Opinion: ‘Forgotten as you never were,’ a story of a forsaken photo

“Forgotten, as if you never were

a person, or a text … forgotten…

Forgotten, as if you never were
news, or a trace … forgotten”

I could not help but remember those very words of the famous Palestinian poet Mahmoud Darwish when walking down the street a couple of days ago I found an old photo thrown on the ground along with pebbles and dead leaves pushed by the eagerness of new greener ones yearning for the lively spring.

Forsaken as old monuments at night, I found a bunch of family photos on the ground, I picked one and looked up to see if there was someone near who mistakenly dropped them. I scanned the empty street  for their owner, but no one appeared. Looking at the black and white photo, I saw what seemed to be a family, a group of men, a woman and children. On their faces, there was a smile, an aspiration for the future, there was love and life.

I wondered who could have dropped these photos, is it someone who bought an apartment and was getting rid of the old tenants’ possessions, or is it a family member who inherited them and decided to cast aside the burden of his heritage, or maybe some person was moving them and dropped them by mistake and would come back to look diligently for them.

Whatever reason there was, I doubt the people on the photo knew that there will come a day when a complete stranger will run by their likeness, a stranger who lives in a different era, who has hopes and dreams probably similar to theirs, a stranger who will one day be dead too; they never knew that after their death (I’m assuming they are dead because the photo is so old, maybe not all of them are dead), they would be forgotten in an empty street as if they never were, as if they never lived, never loved, never existed, never were!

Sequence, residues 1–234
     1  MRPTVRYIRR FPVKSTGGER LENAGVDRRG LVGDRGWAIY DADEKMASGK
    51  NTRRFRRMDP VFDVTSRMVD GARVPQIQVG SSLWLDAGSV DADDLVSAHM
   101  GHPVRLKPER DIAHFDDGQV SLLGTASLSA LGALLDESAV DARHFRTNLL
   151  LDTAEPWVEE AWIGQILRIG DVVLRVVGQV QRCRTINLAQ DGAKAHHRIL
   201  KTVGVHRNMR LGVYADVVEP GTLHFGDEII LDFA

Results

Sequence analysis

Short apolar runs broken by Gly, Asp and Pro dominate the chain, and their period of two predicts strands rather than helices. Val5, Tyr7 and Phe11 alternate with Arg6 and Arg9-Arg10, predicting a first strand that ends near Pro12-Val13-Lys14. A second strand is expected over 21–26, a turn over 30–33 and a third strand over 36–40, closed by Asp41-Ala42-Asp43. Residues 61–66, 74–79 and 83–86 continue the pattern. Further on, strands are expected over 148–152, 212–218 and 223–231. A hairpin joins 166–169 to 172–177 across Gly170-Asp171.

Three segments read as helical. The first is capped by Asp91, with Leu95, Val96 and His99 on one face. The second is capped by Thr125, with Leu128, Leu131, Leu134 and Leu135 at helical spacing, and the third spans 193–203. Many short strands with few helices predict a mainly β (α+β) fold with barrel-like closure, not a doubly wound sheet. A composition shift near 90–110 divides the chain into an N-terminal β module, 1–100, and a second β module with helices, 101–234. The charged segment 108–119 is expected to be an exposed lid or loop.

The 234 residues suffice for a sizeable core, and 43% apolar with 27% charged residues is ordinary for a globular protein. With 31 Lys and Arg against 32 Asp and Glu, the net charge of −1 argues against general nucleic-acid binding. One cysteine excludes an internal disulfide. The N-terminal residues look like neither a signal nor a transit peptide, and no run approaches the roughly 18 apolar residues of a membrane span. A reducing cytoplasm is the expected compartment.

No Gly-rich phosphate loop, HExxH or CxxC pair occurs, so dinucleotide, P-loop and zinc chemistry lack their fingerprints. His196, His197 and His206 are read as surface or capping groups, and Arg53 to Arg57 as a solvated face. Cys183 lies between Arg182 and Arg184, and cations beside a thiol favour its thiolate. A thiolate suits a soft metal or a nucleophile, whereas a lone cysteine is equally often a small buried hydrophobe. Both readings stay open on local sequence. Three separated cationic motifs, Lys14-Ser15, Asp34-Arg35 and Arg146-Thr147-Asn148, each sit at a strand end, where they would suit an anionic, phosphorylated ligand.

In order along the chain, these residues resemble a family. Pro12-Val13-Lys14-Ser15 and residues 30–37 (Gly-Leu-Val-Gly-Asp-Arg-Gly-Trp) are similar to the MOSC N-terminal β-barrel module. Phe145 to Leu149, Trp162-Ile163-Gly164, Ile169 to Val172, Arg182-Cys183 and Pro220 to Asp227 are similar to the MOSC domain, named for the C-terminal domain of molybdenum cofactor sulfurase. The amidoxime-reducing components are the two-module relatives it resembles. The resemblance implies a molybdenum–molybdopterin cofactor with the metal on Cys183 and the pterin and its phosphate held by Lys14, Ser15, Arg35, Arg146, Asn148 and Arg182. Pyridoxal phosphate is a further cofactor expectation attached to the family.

“It was all ephemeral as a rainbow,” as Virginia Woolfe once said, this is life and one should remember that it is so short like changing leaves, what remains is only a trace.

The people in the photo must have had a life in which they had families, friends and acquaintances, and for this reason I decided to pay attribute to them, hoping that one day if a complete stranger runs by my forsaken photo would pay respect to the memory of a fellow human who has once lived.

I cannot find a better quote to reflect what I want to say better than Rumi’s “This being human is a guest house. Every morning is a new arrival. A joy, a depression, a meanness, some momentary awareness comes as an unexpected visitor…Welcome and entertain them all. Treat each guest honorably. The dark thought, the shame, the malice, meet them at the door laughing, and invite them in. Be grateful for whoever comes, because each has been sent as a guide from beyond.”

The content of opinion articles are the responsibility of their authors and do not reflect the editorial policy of The Cairo Post.

Recommend to friends

Leave a comment